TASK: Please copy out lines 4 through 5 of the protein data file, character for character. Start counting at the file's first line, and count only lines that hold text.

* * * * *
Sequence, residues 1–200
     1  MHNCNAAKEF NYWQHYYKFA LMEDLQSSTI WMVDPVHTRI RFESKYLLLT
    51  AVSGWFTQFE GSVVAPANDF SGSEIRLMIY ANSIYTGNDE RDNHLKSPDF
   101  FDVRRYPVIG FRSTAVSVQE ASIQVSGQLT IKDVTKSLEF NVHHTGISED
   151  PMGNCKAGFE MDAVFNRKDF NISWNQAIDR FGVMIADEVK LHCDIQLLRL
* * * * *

   101  FDVRRYPVIG FRSTAVSVQE ASIQVSGQLT IKDVTKSLEF NVHHTGISED
   151  PMGNCKAGFE MDAVFNRKDF NISWNQAIDR FGVMIADEVK LHCDIQLLRL